Understanding Medical Aspects of Infertility: the Cervix and the Uterus
How to rule out or treat problems of the cervix and uterus in trying to conceive
Treatment of Cervical Problems
There are several reasons why the cervical mucus may be poor and account for a bad postcoital test:
- Poor Timing of the Test. This is far and away the most common reason that a postcoital test is unsatisfactory. This test must be performed just before ovulation occurs, when the cervical mucus is optimal.
- Prior Procedures on the Cervix. The cervical mucus is produced by the columnar cells that normally line the inside of the cervix. When these cells are damaged or destroyed, the normal repair process replaces them with a type of cell known as squamous cells. These squamous cells are incapable of making cervical mucus. Therefore, destruction of enough of the columnar cells can lead to a dramatic decrease in cervical mucus production.
Procedures that can result in this type of change include freezing of the cervix, laser to the cervix, lleetz or leep procedures and cervical conizations, all of which are performed to treat abnormal Pap smears.
- Infection. The cells lining the cervix may become irritated or even infected. This will often be indicated by the presence of white blood cells in the mucus.
- Medications. The most notable of these is clomiphene. Clomiphene (common brand name Clomid) can dramatically impair cervical mucus quantity and quality. Anyone on clomiphene, or anyone who has had her dose of clomiphene increased, should have a postcoital test checked. (Clomiphene blocks the effect of estrogen on cells. Estrogen induces the columnar cells in the cervix to produce mucus; therefore clomiphene can block this effect.)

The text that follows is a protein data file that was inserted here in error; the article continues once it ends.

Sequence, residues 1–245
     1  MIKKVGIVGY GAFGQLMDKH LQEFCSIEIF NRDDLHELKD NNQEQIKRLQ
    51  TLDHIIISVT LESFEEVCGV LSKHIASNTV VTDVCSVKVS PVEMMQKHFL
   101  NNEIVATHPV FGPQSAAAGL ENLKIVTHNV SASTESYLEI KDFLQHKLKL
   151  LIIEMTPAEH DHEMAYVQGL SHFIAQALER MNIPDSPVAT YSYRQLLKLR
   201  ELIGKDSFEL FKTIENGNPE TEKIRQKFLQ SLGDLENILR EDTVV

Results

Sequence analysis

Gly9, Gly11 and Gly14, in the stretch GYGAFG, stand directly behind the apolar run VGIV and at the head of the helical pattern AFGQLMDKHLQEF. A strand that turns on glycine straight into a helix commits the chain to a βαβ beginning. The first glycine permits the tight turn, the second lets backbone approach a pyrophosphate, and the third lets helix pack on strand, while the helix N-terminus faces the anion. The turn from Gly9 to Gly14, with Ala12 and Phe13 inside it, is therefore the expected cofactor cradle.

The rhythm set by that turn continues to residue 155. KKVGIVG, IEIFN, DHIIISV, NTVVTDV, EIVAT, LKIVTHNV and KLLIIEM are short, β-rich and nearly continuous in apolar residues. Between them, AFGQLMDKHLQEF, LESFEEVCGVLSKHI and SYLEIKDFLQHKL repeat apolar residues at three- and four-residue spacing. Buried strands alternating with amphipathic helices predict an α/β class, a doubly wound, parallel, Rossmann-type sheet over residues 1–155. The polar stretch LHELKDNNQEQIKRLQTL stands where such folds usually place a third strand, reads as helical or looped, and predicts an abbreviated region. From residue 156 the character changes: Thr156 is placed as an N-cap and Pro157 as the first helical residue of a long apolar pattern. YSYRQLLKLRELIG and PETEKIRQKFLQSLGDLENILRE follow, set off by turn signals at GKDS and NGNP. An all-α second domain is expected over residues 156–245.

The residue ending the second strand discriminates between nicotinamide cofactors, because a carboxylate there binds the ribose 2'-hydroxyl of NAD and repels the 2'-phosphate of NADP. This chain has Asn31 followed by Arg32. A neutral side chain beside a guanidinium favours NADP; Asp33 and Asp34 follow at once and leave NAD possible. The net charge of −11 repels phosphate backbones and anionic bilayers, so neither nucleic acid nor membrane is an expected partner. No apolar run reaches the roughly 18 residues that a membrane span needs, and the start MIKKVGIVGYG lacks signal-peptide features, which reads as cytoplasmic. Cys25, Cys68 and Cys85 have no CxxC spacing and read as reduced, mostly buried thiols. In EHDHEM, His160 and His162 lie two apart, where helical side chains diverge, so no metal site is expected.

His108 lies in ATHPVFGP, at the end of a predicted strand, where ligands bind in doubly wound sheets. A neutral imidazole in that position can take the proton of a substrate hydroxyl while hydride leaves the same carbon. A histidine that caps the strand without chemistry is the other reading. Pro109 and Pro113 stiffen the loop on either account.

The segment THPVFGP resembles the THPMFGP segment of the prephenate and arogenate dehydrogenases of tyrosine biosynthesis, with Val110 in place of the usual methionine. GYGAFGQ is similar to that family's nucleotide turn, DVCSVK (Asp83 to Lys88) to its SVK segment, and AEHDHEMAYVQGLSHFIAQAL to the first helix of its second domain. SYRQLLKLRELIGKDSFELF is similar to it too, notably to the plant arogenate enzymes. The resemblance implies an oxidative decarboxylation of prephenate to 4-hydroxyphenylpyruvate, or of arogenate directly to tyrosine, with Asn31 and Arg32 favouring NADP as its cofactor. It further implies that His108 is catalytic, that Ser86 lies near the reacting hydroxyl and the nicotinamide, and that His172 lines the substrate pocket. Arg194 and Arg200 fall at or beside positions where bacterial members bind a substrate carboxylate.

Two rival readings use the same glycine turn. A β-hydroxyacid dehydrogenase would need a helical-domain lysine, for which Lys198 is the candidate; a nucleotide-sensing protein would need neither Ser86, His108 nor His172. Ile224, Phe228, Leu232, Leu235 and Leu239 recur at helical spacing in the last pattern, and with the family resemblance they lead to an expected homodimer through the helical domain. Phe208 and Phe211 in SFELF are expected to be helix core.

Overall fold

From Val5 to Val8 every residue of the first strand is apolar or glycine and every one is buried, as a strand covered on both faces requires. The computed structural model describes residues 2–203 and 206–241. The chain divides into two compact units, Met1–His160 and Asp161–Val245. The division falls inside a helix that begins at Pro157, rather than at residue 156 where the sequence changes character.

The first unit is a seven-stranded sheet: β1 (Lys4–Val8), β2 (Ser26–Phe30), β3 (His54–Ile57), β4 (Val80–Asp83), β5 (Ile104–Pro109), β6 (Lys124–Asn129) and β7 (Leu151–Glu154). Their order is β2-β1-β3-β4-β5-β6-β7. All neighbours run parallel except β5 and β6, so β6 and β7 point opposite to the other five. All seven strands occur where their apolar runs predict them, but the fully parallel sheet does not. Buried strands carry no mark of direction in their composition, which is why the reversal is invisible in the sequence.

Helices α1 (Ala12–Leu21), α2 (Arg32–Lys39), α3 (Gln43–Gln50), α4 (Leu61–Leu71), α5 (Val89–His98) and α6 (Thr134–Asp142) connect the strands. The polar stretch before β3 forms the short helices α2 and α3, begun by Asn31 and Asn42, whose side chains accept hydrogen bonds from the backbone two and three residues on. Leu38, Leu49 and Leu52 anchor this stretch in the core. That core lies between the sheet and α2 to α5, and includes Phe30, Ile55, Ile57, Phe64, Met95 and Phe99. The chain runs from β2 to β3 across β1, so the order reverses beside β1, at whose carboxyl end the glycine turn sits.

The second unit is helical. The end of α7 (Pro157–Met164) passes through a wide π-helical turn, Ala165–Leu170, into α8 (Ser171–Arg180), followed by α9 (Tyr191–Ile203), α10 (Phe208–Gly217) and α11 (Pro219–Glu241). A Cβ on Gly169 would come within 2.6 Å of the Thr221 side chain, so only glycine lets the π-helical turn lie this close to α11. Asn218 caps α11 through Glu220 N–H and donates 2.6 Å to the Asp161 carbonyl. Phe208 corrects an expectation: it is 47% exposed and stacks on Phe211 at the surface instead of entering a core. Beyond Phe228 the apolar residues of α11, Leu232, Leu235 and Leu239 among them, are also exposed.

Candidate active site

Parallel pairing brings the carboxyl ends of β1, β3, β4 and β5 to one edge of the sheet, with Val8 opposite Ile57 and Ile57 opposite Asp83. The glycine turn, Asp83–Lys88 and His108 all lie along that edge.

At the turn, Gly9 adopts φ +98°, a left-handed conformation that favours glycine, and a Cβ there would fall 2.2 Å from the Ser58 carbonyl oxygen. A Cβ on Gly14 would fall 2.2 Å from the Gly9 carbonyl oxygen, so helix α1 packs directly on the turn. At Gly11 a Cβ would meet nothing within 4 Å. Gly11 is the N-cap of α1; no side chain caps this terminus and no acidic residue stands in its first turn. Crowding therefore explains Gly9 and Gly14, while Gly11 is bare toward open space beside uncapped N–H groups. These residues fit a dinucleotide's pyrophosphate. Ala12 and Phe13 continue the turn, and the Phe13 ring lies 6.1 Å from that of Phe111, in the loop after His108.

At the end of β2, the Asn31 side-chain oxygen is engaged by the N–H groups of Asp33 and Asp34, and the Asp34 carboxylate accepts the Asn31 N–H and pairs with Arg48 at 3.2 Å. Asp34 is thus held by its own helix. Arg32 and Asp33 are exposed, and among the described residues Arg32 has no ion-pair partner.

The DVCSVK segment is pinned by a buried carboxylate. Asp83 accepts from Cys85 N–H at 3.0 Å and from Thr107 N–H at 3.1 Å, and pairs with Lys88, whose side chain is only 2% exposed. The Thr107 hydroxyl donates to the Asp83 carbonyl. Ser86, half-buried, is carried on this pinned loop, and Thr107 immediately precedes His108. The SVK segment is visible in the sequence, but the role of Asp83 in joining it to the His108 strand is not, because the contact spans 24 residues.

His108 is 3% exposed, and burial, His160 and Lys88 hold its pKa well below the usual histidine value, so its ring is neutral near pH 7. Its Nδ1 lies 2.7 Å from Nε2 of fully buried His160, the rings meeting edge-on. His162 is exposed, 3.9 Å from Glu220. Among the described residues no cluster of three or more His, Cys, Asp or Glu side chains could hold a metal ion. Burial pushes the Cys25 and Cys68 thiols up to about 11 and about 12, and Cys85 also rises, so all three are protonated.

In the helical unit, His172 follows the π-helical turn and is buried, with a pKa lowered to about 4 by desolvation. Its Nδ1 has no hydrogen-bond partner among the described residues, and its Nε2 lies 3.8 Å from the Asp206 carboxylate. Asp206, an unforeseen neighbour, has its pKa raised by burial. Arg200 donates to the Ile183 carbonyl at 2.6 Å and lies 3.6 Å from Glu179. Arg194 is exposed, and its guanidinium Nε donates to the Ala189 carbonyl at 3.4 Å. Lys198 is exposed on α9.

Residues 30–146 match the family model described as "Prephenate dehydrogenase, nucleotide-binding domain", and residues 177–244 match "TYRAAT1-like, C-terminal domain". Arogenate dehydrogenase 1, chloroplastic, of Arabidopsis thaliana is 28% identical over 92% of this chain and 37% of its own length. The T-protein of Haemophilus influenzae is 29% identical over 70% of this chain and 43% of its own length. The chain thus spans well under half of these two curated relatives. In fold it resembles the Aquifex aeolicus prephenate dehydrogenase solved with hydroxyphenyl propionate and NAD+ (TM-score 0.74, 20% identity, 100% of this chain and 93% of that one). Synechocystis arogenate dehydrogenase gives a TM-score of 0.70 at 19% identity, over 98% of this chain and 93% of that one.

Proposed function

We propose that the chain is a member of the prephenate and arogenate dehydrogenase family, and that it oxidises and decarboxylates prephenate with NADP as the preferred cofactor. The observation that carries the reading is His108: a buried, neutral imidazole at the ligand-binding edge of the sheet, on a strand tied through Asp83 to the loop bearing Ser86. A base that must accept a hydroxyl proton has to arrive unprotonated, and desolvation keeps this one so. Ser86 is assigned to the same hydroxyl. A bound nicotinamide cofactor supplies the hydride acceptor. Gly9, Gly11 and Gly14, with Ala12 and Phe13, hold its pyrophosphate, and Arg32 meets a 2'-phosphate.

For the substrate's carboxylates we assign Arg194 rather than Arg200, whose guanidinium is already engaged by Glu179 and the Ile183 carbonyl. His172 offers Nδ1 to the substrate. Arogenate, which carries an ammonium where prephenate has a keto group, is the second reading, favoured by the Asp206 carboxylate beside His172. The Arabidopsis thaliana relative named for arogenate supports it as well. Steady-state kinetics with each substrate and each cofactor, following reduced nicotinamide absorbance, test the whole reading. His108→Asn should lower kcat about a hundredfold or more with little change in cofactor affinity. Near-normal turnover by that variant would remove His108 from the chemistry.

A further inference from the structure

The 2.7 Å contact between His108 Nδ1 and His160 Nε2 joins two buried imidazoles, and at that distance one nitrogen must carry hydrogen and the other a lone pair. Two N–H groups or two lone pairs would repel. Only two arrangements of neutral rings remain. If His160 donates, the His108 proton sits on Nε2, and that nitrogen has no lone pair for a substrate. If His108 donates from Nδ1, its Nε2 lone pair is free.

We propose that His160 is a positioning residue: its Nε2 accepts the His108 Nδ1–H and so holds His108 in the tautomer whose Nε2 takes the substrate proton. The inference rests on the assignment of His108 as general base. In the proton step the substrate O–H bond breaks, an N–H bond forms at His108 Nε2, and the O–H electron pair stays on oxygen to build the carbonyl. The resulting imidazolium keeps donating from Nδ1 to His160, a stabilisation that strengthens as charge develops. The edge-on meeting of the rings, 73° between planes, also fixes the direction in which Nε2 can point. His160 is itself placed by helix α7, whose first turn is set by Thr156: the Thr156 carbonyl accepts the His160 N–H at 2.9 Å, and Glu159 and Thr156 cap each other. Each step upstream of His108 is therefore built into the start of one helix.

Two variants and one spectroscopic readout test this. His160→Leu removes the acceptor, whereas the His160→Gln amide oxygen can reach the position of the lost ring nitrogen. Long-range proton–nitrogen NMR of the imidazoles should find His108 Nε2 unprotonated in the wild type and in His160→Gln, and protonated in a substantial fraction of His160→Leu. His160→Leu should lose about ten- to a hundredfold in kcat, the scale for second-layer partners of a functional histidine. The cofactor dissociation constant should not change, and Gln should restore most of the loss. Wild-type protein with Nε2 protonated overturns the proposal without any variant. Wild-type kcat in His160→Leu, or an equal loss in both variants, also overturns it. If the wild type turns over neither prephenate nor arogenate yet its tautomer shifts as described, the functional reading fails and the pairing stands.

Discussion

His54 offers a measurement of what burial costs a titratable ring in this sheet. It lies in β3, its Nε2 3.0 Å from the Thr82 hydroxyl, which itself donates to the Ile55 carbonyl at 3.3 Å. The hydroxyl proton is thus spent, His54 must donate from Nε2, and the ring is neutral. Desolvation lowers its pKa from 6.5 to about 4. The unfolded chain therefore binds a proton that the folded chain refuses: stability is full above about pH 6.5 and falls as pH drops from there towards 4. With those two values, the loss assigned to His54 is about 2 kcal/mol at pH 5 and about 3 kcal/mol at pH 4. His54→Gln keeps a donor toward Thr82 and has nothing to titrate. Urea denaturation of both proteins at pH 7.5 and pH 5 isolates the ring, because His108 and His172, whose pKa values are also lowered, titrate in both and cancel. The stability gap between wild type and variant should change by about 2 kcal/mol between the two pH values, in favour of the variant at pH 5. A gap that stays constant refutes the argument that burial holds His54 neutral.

The presence of white blood cells suggesting an infection can usually be resolved by treating the woman with an antibiotic. Tetracyclines are most commonly used for this purpose.
In certain individuals, there may be some role for cough medicines. Certain cough medicines (e.g., Robitussin) contain substances (e.g., guaifenesin) that actually do help thin out the cervical mucus. Taking a teaspoon three or four times a day for the two or three days before ovulation may result in some thinning of the mucus.
If a woman is on a certain dose of clomiphene and seems to be ovulating well but the cervical mucus is poor, some physicians will prescribe small doses of estrogen. The thinking here is that giving some additional estrogen may override the blocking effect of the clomiphene and improve cervical mucus production. While this approach is safe and easy, if it does not result in significant improvement (as checked by the postcoital test), inseminations should be considered instead.
Inseminations are a means of bypassing the cervical mucus altogether. A semen sample is provided by masturbation and then prepared by the laboratory so that a pure preparation of sperm is suspended in a specially prepared salt buffer. This preparation is then placed in a small syringe that is attached to a small plastic catheter. A speculum is placed in the vagina and the catheter is gently guided through the cervix and into the uterus. This is a painless, nonsurgical procedure and is particularly useful if the mucus-producing cells of the cervix are destroyed or nonfunctional. The cervical mucus is, in essence, bypassed by placing the sperm beyond the cervix and into the uterus.
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